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After a four year hiatus, James Bond is back in Skyfall, and it’s terrific. Some early critics have been effusing it’s the “best Bond ever!” and you may think so. To my taste, it’s not quite up to the level of Casino Royale, the 2006 reboot that introduced Daniel Craig as 007, but it’s easily one of the top five films in 50 years of the franchise, and I’ll gladly see it again just to make sure.
Though it follows the familiar Bond formula in many ways – big opening action sequence, impossible mission, diabolical supervillian, series of lovely conquests, clever quips and bon(d) mots, “Bond. James Bond,” explosive finish – the movie manages to put a fresh take on many of the old standbys and is also full of good twists and unexpected directions, none of which I’ll spoil here. Instead we’ll just explore what works and the few things that don’t, particularly as they fit inside the Bond canon.
First and most notably, Skyfall the best-acted James Bond picture ever, without question, which is a big plus because there are definitely a few potentially clunky points where the script needs Shakespearean-level talent to pull it off. Craig is the right man at the right time for the role, pretty much everybody agrees on that, and Judy Dench, as Bond’s icy boss M since 1995 (and Pierce Bronsan), has deservedly won tons of awards and recognition for turns far tougher than this one. But new additions like Ralph Fiennes as a merciless British national security bureaucrat, the charming Ben Whitshaw as a young and geeky Q, and Albert Finney as a codger from Bond’s past, ratchet up the thespian levels to pretty much ridiculous heights.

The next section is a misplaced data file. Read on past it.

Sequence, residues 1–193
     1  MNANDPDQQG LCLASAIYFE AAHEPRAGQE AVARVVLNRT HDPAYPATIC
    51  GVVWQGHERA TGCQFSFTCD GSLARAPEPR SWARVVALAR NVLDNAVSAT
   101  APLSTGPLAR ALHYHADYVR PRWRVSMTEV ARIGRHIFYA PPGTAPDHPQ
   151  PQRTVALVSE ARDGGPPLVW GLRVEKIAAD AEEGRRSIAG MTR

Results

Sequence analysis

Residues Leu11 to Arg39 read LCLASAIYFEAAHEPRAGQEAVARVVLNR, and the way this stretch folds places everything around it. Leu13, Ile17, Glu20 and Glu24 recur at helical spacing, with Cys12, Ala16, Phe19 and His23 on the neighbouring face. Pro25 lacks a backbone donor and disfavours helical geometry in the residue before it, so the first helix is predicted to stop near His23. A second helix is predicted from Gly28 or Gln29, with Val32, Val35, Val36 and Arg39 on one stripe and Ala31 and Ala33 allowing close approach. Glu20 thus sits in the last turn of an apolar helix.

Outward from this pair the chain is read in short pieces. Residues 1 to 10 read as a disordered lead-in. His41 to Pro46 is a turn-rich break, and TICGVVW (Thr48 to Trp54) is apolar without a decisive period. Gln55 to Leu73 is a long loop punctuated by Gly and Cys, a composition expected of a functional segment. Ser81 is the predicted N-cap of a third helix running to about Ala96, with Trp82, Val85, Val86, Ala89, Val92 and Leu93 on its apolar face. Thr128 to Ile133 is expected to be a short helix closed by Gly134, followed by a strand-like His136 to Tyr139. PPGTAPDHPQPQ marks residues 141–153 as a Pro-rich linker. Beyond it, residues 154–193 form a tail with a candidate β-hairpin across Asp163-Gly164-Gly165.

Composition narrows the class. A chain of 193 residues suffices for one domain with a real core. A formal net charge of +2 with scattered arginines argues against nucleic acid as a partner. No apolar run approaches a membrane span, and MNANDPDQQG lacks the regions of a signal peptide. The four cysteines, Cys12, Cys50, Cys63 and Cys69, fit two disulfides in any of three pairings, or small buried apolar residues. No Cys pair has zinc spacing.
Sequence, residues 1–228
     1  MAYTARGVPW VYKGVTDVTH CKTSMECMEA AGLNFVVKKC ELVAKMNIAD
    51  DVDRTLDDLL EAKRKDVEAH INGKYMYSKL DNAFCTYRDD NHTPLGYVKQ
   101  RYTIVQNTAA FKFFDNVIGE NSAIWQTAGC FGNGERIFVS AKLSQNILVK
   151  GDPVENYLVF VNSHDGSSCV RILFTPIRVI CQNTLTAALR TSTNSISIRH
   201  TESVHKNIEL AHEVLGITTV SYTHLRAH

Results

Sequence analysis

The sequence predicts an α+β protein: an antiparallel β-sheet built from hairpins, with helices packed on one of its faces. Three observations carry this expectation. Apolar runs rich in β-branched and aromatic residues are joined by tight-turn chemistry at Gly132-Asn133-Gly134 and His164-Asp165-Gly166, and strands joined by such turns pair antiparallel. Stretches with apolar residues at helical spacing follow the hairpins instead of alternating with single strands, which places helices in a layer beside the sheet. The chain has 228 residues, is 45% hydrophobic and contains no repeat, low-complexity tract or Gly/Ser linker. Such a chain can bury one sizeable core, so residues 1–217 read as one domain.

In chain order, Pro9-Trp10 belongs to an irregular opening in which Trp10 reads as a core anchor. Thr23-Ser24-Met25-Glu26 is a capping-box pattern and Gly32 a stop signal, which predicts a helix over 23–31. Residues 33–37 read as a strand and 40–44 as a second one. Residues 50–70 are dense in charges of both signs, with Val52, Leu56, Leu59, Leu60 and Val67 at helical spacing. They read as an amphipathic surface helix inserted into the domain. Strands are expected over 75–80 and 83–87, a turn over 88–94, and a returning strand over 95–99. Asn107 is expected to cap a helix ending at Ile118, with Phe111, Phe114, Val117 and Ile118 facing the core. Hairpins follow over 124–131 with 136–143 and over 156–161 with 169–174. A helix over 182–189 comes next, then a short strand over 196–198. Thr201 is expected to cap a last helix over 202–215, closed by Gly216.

Out of the trio of women Bond beds (or maybe doesn’t), two of them are genuine actresses. My pick would be Naomi Harris, as a tough and independent MI6 counterpart, but she gets the better role than femme fatale Bérénice Marlohe, who nevertheless is a notch above the usual and shares one terrific scene with Craig at a bar inside an Asian casino.
Best of all though, is Javier Bardem, who seems to be having the time of his life as the bad guy, a nihilistic computer genius with motives both global and personal. Bardem just oozes diabolical charm, and he’s magnetic onscreen. He also makes the best entrance of any villain in a Bond movie I can recall, maybe one of the best entrances of any bad guy ever, walking towards the camera in a long static shot as he weaves an increasingly depraved tale that serves as metaphor for his motivations.
It’s quieter moments like this where Oscar-winning director Sam Mendes (American Beauty, Revolutionary Road – can you believe it?!) earns his pay, because the scene is absolutely mesmerizing. In fact, almost all the best bits in Bond this go round are quieter, human moments – verbal skirmishes instead of shootouts, full of tension and suspense.